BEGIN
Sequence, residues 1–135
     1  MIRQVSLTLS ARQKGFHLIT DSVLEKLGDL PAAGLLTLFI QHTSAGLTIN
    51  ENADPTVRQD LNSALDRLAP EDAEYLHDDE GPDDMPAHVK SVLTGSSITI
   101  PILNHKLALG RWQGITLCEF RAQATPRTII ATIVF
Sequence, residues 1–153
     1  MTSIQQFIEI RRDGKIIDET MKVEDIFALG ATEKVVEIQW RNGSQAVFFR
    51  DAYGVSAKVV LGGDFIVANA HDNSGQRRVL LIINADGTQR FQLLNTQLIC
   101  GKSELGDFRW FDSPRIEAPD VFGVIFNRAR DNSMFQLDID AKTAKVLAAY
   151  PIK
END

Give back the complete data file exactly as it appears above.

Sequence, residues 1–135
     1  MIRQVSLTLS ARQKGFHLIT DSVLEKLGDL PAAGLLTLFI QHTSAGLTIN
    51  ENADPTVRQD LNSALDRLAP EDAEYLHDDE GPDDMPAHVK SVLTGSSITI
   101  PILNHKLALG RWQGITLCEF RAQATPRTII ATIVF
Sequence, residues 1–153
     1  MTSIQQFIEI RRDGKIIDET MKVEDIFALG ATEKVVEIQW RNGSQAVFFR
    51  DAYGVSAKVV LGGDFIVANA HDNSGQRRVL LIINADGTQR FQLLNTQLIC
   101  GKSELGDFRW FDSPRIEAPD VFGVIFNRAR DNSMFQLDID AKTAKVLAAY
   151  PIK